The Oliver Lake Reunion Trio featuring Pheeroan akLaff (drums) and Michael Gregory (guitar).
The artistic scope of the renowned saxophonist, composer, painter, and poet, Oliver Lake, is unparalleled. An extensive resume of his collaborations includes work with the Brooklyn Philharmonic, Flux String Quartet, Bjork, Lou Reed, A Tribe Called Quest, Mos Def, Me’shell Ndegeocello, Anthony Braxton, James Blood Ulmer, William Parker, Vijay Iyer, Reggie Workman, Andrew Cyrille, and a veritable who’s who of the jazz vanguard. Oliver’s efforts extend far beyond the music, which include creating the non-profit Passin’ Thru organization, becoming a mainstay at Pittsburgh’s City of Asylum, publishing two books of poetry, and frequently producing visual artwork for exhibitions across the country.
Pheeroan akLaff has performed internationally since 1975. He is known for his ability to transform the drum set into an orchestral force supporting the many ensembles he has led or accompanied. (Including a stint with New York City Opera in the premier of “X” by Anthony Davis.) He has conducted educational workshops in several countries of Africa and Asia. His latest CD as a leader/composer is titled Global Mantras (Modern Masters 1998), a World Beat Jazz extravaganza with Asian and African American themes. It features Oliver Lake, Michael Cain, Scott Robinson, Josh Roseman, and a cast of celebrated virtuosos.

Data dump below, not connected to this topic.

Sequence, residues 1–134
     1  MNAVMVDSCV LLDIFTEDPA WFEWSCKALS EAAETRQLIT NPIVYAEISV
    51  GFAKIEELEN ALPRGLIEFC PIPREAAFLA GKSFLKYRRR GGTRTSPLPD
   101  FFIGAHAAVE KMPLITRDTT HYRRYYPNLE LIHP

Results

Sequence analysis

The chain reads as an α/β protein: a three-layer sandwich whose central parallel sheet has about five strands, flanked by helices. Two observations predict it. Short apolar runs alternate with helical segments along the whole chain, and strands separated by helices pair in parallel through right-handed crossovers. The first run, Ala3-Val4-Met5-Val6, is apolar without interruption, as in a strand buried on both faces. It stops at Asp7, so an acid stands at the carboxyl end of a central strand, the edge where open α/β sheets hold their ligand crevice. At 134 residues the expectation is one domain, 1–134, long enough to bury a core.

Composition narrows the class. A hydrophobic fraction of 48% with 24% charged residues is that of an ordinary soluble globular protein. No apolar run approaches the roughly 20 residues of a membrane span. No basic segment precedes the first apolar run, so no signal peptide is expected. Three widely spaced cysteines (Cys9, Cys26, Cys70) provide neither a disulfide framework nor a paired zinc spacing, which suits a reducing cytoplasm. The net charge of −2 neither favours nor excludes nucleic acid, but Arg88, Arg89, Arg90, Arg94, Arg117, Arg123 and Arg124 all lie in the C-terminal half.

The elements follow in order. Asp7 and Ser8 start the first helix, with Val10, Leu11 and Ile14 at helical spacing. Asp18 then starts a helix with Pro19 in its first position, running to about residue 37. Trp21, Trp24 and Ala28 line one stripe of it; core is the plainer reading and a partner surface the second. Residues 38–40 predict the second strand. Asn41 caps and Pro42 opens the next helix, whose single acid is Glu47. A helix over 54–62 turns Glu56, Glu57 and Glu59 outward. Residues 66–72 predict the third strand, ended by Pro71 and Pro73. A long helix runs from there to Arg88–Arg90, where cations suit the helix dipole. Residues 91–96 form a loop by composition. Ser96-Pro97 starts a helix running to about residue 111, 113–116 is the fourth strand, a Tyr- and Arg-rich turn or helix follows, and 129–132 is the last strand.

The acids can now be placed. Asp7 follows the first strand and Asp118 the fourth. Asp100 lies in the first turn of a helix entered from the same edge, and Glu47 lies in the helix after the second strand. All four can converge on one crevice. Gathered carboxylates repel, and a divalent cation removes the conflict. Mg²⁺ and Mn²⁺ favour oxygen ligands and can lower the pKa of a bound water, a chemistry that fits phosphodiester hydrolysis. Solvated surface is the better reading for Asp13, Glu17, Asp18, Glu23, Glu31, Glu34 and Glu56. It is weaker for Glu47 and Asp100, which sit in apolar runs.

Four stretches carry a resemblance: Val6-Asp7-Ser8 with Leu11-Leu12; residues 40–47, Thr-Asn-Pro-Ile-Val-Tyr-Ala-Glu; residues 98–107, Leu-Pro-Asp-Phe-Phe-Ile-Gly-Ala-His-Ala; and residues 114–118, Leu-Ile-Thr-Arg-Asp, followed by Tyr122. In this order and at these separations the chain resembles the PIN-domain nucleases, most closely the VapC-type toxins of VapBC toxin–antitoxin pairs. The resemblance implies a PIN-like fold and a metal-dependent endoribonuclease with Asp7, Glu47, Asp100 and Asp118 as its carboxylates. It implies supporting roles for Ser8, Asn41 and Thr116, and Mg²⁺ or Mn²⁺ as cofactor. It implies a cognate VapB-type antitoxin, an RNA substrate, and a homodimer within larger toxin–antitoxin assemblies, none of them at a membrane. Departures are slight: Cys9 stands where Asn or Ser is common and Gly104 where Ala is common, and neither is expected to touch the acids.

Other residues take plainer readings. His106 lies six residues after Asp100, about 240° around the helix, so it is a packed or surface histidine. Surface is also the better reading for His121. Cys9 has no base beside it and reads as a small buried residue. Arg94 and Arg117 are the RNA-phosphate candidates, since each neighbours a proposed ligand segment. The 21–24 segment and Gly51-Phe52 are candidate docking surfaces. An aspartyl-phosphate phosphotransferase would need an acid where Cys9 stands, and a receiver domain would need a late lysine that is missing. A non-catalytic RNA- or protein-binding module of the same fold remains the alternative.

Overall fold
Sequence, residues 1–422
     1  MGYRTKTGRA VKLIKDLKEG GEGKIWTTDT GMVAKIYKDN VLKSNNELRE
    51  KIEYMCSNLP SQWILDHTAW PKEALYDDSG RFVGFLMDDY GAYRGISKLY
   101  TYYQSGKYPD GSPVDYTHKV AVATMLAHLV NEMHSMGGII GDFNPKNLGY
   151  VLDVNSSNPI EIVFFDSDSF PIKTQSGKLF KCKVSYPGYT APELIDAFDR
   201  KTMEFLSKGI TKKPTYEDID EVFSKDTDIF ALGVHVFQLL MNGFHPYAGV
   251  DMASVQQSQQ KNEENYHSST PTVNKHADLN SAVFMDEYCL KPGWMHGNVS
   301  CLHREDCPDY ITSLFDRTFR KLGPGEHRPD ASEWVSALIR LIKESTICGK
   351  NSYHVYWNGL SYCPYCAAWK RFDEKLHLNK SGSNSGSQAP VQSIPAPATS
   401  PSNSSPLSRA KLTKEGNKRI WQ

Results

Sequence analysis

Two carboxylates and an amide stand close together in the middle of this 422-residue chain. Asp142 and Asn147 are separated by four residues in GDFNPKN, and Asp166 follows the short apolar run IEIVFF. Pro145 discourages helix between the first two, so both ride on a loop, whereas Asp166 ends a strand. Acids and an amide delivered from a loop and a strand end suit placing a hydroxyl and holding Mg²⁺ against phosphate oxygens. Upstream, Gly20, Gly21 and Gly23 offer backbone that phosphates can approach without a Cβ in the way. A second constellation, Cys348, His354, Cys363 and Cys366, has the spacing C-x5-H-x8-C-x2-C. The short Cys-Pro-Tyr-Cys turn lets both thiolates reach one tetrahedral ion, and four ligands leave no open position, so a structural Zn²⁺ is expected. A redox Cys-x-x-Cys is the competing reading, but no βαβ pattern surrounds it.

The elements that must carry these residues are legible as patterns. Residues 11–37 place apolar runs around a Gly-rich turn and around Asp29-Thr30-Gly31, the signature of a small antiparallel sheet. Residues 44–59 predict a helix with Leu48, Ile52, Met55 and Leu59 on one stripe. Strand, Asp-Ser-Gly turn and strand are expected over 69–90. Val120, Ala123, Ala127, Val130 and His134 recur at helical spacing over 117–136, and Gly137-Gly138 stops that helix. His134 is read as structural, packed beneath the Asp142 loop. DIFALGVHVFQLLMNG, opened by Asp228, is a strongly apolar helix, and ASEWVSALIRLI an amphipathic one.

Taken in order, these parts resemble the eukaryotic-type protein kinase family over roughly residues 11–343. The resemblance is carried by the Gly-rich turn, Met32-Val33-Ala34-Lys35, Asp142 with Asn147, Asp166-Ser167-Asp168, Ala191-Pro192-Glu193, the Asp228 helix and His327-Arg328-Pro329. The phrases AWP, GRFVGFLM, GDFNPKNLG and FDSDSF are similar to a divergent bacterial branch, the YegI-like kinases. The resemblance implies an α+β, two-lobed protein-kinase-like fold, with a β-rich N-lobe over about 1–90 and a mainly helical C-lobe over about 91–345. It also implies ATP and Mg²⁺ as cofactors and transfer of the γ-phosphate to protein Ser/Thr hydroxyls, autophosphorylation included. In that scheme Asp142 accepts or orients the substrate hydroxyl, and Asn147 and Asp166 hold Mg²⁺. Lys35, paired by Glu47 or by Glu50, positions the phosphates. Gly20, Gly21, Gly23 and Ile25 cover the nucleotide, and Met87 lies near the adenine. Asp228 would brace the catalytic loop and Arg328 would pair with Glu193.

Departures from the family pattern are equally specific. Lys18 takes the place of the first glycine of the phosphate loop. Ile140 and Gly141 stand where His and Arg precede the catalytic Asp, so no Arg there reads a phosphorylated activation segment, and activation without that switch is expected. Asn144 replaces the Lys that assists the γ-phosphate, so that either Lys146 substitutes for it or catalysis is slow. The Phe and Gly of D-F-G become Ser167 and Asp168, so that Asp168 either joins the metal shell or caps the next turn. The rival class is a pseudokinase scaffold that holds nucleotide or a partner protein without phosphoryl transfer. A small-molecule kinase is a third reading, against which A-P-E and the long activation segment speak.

Born in New Haven, Connecticut, Michael Gregory Jackson began to play the guitar at the age of seven. In his teens, he often performed his own material during solo gigs and band appearances. Among Michael’s early influences were Jimi Hendrix, Miles Davis, John Coltrane, Son House, Led Zeppelin, Joni Mitchell, and Igor Stravinsky. His father exposed him to Wes Montgomery, Mahalia Jackson, Les Paul, Mary Ford, and early George Benson, and Michael’s musical destiny began to take shape. Progressive improvised music composer and trumpeter, Wadada Leo Smith, influenced Gregory to look beyond the boundaries of rock, folk, and mainstream jazz, and soon Michael was playing avant-garde music with Smith and such other notables as a pianist, Anthony Davis, and saxophonists, Julius Hemphill, David Murray, and Oliver Lake. During this period, Gregory notes, “I learned that it was ok to try different things, to experiment. If I had a song that was going one way, it was all right to make it go in another direction or to add diverse elements. I’ve allowed myself to be creatively and stylistically liberated.”
Aired on rTV: 2007
Performance: April 22, 2007
Produced by Jim Staley
Directed by Matt Mehlan